In the present study, a comparative analysis of 34 S. thermophilus genomes was performed, and the influence of geographical origin on genetic variability was assessed. Results indicated that strains isolated in the same continent infrequently cluster together. Four S. thermophilus strains isolated from Chinese traditional fermented milk with excellent physiological and biochemical characteristics were first sequenced and analyzed. In addition, the results from the safety evaluation show that the four newly isolated S. thermophilus strains cannot cause antibiotic contamination in nature since they do not contain antibiotic resistance genes and are highly sensitive to many common antibiotics. Moreover, the number of virulence genes of these four strains is much fewer than that of pathogenic Streptococcus. There are no obvious pathogenic factors, and most of the transposon genes are gradually degenerated into pseudogenes during the evolution. The remaining transposon genes that can express normally are homologous to food-grade S. thermophilus, which also proves that these four strains do not have the potential to transfer harmful factors to other strains. That is to say, the safety evaluation shows that these four strains can be safely applied as a natural food starter without any adverse effects on the environment and the human body. CS9 contains a number of unique genes from the distantly related species, has a larger genome size, and represents a good candidate for the evolution research. Furthermore, CS9 can produce a high yield of GABA by the fermentation of glutamate; therefore, CS9 had a higher potential in improving human health. At the same time, it was found that CS9 could eliminate intracellular protons during the decarboxylation of glutamate by the GAD system and then maintain the pHin homeostasis under acidic conditions and result in its higher survival rate. CS18 showed the fastest growth rate, the shortest fermentation time, and the strongest acid and bile salt resistance. It was suggested that CS18 has potential for food fermentation and could better survive in the GIT of mammals. At the same time, this study provides preliminary data for the study of the connection between a genotype and the phenotype (Table 4). Further research is needed in the future.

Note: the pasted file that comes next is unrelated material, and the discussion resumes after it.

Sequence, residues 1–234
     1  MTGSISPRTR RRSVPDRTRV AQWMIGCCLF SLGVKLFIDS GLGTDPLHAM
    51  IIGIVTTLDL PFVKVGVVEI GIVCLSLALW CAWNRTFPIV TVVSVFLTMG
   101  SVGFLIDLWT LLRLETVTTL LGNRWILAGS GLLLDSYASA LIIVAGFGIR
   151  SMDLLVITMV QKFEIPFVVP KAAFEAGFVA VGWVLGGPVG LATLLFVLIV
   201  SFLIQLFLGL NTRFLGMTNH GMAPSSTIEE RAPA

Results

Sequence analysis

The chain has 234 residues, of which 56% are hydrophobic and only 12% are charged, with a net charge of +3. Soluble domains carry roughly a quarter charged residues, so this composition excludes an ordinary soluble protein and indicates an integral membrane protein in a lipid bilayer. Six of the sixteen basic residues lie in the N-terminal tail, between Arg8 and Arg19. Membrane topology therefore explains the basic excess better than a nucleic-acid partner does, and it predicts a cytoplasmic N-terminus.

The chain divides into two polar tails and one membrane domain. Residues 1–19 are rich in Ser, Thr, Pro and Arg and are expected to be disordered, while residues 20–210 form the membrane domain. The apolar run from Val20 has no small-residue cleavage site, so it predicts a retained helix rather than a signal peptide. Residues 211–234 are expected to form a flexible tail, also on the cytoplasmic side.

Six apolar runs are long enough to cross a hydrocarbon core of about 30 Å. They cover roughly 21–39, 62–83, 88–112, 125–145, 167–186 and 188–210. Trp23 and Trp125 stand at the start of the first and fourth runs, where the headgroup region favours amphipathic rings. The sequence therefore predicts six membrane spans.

TABLE 4
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Table 4. Some genotype and the phenotype traits of the four S. thermophilus strains CS5, CS9, CS8, and CS20.

Data Availability Statement

The datasets generated for this study can be found in the nucleotide sequences of CS5, CS9, CS18 and CS20 genomes were submitted to GenBank and assigned accession numbers CP028896, CP030927, CP030928, and CP030250.

Author Contributions

YC conceived the idea of the study and designed the experiments. TH carried out most experiments, analyzed the data, and wrote the manuscript. YZ and CZ carried out some experiments. YC, YZ and XQ revised the manuscript.

Funding

This work was supported by the National Natural Science Foundation of China (Grant Numbers 31471712 and 31371827).

Conflict of Interest